Apart from Syncrophone what are some of your other favourite record shops?
Dan: If I'm in Berlin I go to Space Hall – they have amazing sellers who can understand your taste quickly. Bass Cadet is also great in Berlin; they stock really intellectual deep house. I love to go there as they have amazing music which really opens my mind. They also have a lot of producers from the local neighbourhood just doing their first pressing, so you get records there which you can't get anywhere else. Gramophone in Chicago is also fantastic; you can really feel the culture of the city in that shop. A1 in New York is amazing for house, jazz and disco – it's one of the best second hand record shops in the world. Halcyon in Brooklyn is also really good for new stuff.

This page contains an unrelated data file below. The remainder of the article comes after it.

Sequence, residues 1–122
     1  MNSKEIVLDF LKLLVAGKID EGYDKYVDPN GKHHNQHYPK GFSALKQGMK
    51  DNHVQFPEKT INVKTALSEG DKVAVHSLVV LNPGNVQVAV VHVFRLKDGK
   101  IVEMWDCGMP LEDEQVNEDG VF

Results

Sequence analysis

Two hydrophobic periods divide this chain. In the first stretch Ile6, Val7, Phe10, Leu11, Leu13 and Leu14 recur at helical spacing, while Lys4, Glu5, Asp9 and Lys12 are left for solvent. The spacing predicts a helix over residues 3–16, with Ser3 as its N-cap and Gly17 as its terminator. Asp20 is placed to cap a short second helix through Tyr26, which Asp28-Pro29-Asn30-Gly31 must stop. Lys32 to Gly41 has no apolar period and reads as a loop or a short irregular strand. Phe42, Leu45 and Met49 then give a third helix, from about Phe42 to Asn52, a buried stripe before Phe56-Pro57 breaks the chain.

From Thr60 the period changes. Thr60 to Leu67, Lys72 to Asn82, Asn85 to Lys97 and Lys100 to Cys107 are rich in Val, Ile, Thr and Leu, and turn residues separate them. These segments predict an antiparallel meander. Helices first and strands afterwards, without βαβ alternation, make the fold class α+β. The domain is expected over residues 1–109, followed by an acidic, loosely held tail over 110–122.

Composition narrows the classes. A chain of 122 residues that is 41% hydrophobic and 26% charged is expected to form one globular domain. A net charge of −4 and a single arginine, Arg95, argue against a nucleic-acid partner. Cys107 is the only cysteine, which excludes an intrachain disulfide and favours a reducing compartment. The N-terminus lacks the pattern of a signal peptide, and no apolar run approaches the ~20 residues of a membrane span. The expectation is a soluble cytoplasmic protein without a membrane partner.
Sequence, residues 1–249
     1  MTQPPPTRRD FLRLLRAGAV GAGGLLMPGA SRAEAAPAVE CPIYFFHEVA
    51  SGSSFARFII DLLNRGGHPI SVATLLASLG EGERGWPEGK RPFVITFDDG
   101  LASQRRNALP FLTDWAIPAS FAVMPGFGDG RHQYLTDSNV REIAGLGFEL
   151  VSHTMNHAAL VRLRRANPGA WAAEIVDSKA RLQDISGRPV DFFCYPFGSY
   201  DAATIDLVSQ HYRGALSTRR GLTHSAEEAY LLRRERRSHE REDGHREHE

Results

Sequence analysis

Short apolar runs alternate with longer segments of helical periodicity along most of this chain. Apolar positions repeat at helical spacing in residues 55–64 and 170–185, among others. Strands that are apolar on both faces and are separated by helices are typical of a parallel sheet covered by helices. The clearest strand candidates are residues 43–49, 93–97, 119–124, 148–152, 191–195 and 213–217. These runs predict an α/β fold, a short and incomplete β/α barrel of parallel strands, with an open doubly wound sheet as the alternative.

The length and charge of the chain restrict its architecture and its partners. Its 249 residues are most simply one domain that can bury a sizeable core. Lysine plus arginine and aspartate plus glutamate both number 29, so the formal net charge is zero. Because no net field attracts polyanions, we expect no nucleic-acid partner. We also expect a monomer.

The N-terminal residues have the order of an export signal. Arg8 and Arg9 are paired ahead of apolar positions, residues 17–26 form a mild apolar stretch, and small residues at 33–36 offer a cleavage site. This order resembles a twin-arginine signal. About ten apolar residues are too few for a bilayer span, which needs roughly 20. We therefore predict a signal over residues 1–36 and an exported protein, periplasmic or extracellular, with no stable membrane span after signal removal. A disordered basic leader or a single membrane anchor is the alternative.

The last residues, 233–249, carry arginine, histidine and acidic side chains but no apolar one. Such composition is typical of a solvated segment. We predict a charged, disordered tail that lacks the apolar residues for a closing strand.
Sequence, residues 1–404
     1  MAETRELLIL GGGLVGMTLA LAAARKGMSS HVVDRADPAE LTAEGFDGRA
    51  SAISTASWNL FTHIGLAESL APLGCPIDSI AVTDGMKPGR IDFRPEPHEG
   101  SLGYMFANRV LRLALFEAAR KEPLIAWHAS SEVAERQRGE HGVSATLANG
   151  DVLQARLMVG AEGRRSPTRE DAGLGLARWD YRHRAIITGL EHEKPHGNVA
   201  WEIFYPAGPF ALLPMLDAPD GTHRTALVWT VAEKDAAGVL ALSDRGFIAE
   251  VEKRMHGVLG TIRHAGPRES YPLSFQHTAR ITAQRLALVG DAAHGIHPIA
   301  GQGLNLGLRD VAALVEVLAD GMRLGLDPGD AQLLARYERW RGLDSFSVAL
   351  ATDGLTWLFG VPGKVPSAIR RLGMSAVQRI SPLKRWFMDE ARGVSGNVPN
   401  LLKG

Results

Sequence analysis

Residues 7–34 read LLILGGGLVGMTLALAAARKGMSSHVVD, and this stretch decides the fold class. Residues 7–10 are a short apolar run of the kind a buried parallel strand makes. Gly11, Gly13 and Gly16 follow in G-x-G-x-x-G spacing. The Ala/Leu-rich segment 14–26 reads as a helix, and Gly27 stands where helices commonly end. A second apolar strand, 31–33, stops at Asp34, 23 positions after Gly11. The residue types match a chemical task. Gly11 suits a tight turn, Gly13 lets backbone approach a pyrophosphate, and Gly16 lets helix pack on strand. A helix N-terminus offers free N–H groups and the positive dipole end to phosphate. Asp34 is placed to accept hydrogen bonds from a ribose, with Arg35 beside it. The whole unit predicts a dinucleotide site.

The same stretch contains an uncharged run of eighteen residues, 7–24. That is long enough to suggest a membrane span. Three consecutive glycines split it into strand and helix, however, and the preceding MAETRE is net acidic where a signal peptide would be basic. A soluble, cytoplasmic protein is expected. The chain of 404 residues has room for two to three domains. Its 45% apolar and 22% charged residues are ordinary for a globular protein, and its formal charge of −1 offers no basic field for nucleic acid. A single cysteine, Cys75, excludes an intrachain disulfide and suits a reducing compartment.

Can you remember one of the first times when all three of you went record shopping together?
Shonky: We used to meet at Dagroove at lunchtime on a Wednesday. The plan was to go there and then go to Basement Tracks which wasn't far away, and then to Techno Import and then another one. This was when we were all living in Paris. We often did it on a Wednesday and it came a bit of a habit: going out together, buying records together and then going back home and playing tracks together. We didn't always like the same stuff, but we were always buying records together.
What's the main problem with playing vinyl?
Dan: When on the road, say in South America, it can be very risky. You never know quite what set up you're going to be walking into. These days I rip a lot of my old records as we have to play safe. I don't want to take the risk if I don't know the venue, or if I can't do a sound check before the party. Where I can I try to avoid the digital platform, mainly because you spend lots of time sieving through music you don't like – whereas record shops take you straight to the point.